If you know of other frozen firms, send us an e-mail at email@example.com with the subject, “Salary Freeze: FIRM NAME.” Also, if your firm has raised salaries as expected, feel free to send us the news, with the subject “Salary Raise: FIRM NAME.” While freezes are news, raises as expected aren’t, so we will not be covering firm by firm, but we may do a round-up.
Find the list of the sixteen firms that have frozen, after the jump.
In these uncertain economic times, lots of law firms are holding lots of meetings. Sometimes they bring good news, and sometimes not-so-good news. E.g., Covington & Burling (welcoming the Heller IP group); Jenner & Block (everything’s dandy); McKee Nelson (layoffs).
Earlier this week, Sutherland announced associate and counsel meetings would be held next week. What might they be about?
According to the email from managing partner Mark Wasserman that announced the meetings, they “are not planned to announce bad news of any sort.” One Sutherland source takes him at his word:
Ninety-nine percent sure it’s just a “calming fears” meeting, since we’ve already done our nasty round of layoffs six months ago. Wasserman’s a straight shooter (best I’ve ever seen), so if he says there is not “bad news of any sort,” there won’t be.
We reached out to Wasserman, who explained:
We are having a series of roundtable discussions next week with our associates and counsel to share information, answer questions and seek input on topics relating to the economy, our clients and our strategy for the firm. Sharing information and obtaining input from our lawyers is important and valuable to us.
And, as we noted in the email announcing the meetings, there will be no announcement of any bad news, including announcement of any layoffs.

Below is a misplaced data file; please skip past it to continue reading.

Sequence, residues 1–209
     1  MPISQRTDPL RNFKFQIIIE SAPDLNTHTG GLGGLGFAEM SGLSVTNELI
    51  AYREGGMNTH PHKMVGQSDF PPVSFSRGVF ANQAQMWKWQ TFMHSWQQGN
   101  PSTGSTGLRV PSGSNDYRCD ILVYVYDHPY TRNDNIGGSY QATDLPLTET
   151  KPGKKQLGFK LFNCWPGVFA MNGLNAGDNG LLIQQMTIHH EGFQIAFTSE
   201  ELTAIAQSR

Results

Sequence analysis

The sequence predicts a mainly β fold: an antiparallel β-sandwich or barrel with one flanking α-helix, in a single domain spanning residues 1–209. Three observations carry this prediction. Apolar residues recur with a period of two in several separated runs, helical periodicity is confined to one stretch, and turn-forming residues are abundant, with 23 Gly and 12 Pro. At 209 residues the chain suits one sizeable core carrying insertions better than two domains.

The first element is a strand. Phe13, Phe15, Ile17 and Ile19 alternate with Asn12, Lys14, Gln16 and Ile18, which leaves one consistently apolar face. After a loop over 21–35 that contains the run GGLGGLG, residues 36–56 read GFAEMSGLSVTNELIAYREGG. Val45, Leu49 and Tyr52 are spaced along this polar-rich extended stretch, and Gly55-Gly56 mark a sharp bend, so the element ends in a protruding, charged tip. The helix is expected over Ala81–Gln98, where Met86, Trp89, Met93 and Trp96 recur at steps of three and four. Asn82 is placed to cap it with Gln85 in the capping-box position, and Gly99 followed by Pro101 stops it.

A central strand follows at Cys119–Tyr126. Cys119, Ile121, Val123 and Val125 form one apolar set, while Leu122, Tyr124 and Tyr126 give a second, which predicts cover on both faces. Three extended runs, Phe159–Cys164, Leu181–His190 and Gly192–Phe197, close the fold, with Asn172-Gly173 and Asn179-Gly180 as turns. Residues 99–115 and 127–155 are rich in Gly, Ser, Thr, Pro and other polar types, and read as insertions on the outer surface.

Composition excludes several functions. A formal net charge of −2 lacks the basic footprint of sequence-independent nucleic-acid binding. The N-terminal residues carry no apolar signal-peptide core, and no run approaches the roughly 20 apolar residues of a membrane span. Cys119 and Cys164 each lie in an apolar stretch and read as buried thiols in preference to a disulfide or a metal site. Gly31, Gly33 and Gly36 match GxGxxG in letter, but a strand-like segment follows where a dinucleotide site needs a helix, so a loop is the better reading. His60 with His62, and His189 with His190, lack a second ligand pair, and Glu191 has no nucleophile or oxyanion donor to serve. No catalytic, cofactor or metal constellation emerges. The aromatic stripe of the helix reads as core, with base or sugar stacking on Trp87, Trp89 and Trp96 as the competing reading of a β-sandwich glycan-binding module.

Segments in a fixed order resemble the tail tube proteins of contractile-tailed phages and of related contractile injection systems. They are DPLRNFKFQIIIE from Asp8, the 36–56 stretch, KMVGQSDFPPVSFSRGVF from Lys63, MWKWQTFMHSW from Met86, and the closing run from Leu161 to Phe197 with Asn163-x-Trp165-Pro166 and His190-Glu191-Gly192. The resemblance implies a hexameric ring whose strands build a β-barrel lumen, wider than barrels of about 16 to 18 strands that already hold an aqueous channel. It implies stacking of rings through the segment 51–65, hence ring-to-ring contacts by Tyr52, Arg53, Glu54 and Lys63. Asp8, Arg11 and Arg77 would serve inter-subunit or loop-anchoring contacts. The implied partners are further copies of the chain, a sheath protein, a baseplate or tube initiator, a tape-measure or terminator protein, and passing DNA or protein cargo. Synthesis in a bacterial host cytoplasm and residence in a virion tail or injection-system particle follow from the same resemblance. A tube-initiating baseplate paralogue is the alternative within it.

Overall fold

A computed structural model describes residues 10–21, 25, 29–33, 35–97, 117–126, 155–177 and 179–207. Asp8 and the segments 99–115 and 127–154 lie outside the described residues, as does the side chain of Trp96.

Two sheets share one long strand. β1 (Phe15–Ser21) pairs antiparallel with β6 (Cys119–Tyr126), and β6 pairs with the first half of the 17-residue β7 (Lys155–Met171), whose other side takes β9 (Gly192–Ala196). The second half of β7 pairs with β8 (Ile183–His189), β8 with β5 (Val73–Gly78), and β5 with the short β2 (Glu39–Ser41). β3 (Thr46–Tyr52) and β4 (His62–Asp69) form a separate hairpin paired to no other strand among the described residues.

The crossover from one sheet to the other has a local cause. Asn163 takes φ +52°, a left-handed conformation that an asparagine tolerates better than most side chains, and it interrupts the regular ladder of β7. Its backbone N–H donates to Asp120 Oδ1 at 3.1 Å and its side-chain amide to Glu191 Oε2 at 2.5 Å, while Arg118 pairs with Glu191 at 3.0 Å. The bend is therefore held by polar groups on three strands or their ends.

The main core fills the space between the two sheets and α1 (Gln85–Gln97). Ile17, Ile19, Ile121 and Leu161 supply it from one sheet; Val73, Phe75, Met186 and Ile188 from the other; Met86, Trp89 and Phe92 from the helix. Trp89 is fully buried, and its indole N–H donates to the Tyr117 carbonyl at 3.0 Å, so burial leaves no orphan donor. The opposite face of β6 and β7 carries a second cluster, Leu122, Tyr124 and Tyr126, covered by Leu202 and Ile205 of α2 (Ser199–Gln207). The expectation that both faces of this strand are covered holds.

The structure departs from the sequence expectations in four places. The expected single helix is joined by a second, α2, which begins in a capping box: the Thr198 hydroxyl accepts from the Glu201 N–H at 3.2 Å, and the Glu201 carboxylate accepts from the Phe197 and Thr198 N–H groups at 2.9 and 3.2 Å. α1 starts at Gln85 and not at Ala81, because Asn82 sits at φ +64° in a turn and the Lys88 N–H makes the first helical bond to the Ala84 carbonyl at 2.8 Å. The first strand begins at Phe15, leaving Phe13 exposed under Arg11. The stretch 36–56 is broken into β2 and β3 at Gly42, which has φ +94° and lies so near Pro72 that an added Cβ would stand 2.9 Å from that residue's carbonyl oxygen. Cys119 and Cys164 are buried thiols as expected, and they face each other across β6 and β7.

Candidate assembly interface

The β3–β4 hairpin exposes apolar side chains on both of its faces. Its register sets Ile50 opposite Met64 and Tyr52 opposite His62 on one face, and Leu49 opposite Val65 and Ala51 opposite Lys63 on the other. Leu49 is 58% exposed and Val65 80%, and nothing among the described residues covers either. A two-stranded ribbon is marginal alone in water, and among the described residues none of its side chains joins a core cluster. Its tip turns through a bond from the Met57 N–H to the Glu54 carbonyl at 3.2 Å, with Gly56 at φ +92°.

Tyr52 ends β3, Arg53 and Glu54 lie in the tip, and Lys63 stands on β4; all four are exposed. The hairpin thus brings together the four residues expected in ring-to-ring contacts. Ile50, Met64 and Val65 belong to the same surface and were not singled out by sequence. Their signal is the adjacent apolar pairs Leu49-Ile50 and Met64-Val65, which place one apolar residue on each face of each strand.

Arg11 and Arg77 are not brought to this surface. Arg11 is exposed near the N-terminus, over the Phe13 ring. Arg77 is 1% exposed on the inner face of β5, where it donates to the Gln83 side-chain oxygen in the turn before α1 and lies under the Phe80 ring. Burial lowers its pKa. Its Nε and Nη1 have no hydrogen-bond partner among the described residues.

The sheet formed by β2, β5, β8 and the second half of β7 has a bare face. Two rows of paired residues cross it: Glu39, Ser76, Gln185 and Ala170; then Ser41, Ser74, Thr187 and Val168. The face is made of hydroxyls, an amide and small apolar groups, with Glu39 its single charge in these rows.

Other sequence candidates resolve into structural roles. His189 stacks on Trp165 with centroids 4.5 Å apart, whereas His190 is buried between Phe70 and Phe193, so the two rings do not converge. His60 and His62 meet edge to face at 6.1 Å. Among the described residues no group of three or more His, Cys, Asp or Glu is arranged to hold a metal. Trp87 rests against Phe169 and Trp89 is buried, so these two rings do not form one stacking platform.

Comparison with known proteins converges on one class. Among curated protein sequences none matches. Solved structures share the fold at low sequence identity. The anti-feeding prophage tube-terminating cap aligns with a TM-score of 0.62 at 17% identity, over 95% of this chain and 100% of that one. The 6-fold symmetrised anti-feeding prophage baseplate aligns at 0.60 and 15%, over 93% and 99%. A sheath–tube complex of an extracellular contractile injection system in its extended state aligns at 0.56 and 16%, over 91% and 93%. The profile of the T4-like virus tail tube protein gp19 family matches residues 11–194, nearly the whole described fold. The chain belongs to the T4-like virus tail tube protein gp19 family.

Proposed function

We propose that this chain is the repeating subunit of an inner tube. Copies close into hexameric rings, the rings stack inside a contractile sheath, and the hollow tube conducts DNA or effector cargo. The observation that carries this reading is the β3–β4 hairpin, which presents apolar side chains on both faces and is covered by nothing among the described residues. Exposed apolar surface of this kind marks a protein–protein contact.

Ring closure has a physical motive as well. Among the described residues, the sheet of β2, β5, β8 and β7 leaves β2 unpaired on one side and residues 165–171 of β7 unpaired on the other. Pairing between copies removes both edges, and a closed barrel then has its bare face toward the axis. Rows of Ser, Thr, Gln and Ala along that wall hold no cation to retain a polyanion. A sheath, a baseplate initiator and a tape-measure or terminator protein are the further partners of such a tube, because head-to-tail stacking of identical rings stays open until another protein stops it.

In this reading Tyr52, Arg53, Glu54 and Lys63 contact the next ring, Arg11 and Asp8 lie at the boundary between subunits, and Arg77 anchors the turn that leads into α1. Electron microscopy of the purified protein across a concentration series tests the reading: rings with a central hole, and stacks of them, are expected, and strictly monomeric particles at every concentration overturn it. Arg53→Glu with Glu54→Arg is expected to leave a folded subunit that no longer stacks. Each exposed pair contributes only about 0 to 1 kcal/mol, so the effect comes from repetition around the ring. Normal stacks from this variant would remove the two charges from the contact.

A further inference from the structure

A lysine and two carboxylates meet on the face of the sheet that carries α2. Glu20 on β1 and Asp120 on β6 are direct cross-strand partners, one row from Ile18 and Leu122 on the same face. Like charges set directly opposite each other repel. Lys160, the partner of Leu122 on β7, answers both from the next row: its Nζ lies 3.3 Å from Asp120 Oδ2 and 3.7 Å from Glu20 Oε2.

Kudos to Sutherland for being proactive and involving associates and counsel in such discussions. Some firms have taken a decidedly top-down approach to dealing with the economic climate, but they might have been better served by soliciting input from their associates first.
Read more, including the full Sutherland memo, after the jump.
What did you miss if you didn’t peruse last Sunday’s NYT weddings section? The marriage of Theodore Roosevelt V, for starters. Also, a whole lot of gayness! We counted seven same-sex weddings on this week’s list, which we suspect is a an all-time high. (And how sociologically interesting that all seven were men marrying men!) None of this week’s same-sex weddings made it into the finals, but LEWW is delighted to reflect (in a rare moment of seriousness) on how much has changed since August 2002, when the paper announced that it would include same-sex weddings for the first time. Long live love!
We broke the news of the Kilpatrick Stockton pay raise earlier this month. Today’s Fulton County Daily Report has an article about it here.
The Kilpatrick move is old news — it was actually announced before Labor Day — but Meredith Hobbs’s piece does contain a helpful summary of where the big Atlanta firms stand:
Alston & Bird sparked this round of Atlanta pay raises on Aug. 1 when it increased associate pay across the board, starting at $145,000 for first-years and rising to $190,000 for seventh years—the same scale that Hunton & Williams instituted in February during the year’s first round of associate salary increases. At that time, most of the city’s big firms increased first-year pay from $115,000 to $130,000. That followed a similar $15,000 pay increase at the beginning of 2006, also sparked by Alston.
Other firms that have announced they will raise local first-year pay to $145,000 in January include Troutman Sanders, Sutherland Asbill & Brennan and Paul, Hastings, Janofsky & Walker. Jones Day will raise first-year pay to $150,000 at that time.
Watch to find out what some of our subscribers received in their May box!